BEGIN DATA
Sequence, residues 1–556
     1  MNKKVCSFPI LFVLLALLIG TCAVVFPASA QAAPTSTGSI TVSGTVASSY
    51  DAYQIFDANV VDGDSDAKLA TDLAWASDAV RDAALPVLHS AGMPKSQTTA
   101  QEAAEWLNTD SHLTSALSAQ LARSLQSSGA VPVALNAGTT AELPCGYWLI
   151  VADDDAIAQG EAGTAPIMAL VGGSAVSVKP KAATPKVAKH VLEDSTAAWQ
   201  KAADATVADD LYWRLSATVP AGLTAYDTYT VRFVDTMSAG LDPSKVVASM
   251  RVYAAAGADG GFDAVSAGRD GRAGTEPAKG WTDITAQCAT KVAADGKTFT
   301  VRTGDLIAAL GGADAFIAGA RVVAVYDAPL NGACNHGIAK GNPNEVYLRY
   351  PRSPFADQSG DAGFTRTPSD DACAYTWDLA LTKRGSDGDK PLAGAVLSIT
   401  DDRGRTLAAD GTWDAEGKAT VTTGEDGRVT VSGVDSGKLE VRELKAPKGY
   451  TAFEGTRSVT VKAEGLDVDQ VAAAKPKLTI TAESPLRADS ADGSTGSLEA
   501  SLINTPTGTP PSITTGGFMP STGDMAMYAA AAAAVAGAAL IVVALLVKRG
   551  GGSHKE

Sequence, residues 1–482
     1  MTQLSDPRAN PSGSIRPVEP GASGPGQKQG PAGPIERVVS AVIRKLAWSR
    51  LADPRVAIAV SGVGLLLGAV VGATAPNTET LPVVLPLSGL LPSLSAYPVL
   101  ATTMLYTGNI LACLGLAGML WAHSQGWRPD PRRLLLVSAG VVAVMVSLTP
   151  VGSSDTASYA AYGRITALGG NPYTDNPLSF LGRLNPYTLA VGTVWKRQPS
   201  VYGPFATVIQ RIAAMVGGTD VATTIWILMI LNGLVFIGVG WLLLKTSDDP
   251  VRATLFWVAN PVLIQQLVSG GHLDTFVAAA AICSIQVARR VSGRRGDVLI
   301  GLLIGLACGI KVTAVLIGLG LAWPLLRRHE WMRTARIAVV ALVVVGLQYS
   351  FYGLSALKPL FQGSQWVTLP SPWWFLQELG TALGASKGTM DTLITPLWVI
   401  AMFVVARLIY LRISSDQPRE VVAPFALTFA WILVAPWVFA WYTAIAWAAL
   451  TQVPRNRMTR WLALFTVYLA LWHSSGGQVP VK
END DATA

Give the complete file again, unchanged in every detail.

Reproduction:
Sequence, residues 1–556
     1  MNKKVCSFPI LFVLLALLIG TCAVVFPASA QAAPTSTGSI TVSGTVASSY
    51  DAYQIFDANV VDGDSDAKLA TDLAWASDAV RDAALPVLHS AGMPKSQTTA
   101  QEAAEWLNTD SHLTSALSAQ LARSLQSSGA VPVALNAGTT AELPCGYWLI
   151  VADDDAIAQG EAGTAPIMAL VGGSAVSVKP KAATPKVAKH VLEDSTAAWQ
   201  KAADATVADD LYWRLSATVP AGLTAYDTYT VRFVDTMSAG LDPSKVVASM
   251  RVYAAAGADG GFDAVSAGRD GRAGTEPAKG WTDITAQCAT KVAADGKTFT
   301  VRTGDLIAAL GGADAFIAGA RVVAVYDAPL NGACNHGIAK GNPNEVYLRY
   351  PRSPFADQSG DAGFTRTPSD DACAYTWDLA LTKRGSDGDK PLAGAVLSIT
   401  DDRGRTLAAD GTWDAEGKAT VTTGEDGRVT VSGVDSGKLE VRELKAPKGY
   451  TAFEGTRSVT VKAEGLDVDQ VAAAKPKLTI TAESPLRADS ADGSTGSLEA
   501  SLINTPTGTP PSITTGGFMP STGDMAMYAA AAAAVAGAAL IVVALLVKRG
   551  GGSHKE

Sequence, residues 1–482
     1  MTQLSDPRAN PSGSIRPVEP GASGPGQKQG PAGPIERVVS AVIRKLAWSR
    51  LADPRVAIAV SGVGLLLGAV VGATAPNTET LPVVLPLSGL LPSLSAYPVL
   101  ATTMLYTGNI LACLGLAGML WAHSQGWRPD PRRLLLVSAG VVAVMVSLTP
   151  VGSSDTASYA AYGRITALGG NPYTDNPLSF LGRLNPYTLA VGTVWKRQPS
   201  VYGPFATVIQ RIAAMVGGTD VATTIWILMI LNGLVFIGVG WLLLKTSDDP
   251  VRATLFWVAN PVLIQQLVSG GHLDTFVAAA AICSIQVARR VSGRRGDVLI
   301  GLLIGLACGI KVTAVLIGLG LAWPLLRRHE WMRTARIAVV ALVVVGLQYS
   351  FYGLSALKPL FQGSQWVTLP SPWWFLQELG TALGASKGTM DTLITPLWVI
   401  AMFVVARLIY LRISSDQPRE VVAPFALTFA WILVAPWVFA WYTAIAWAAL
   451  TQVPRNRMTR WLALFTVYLA LWHSSGGQVP VK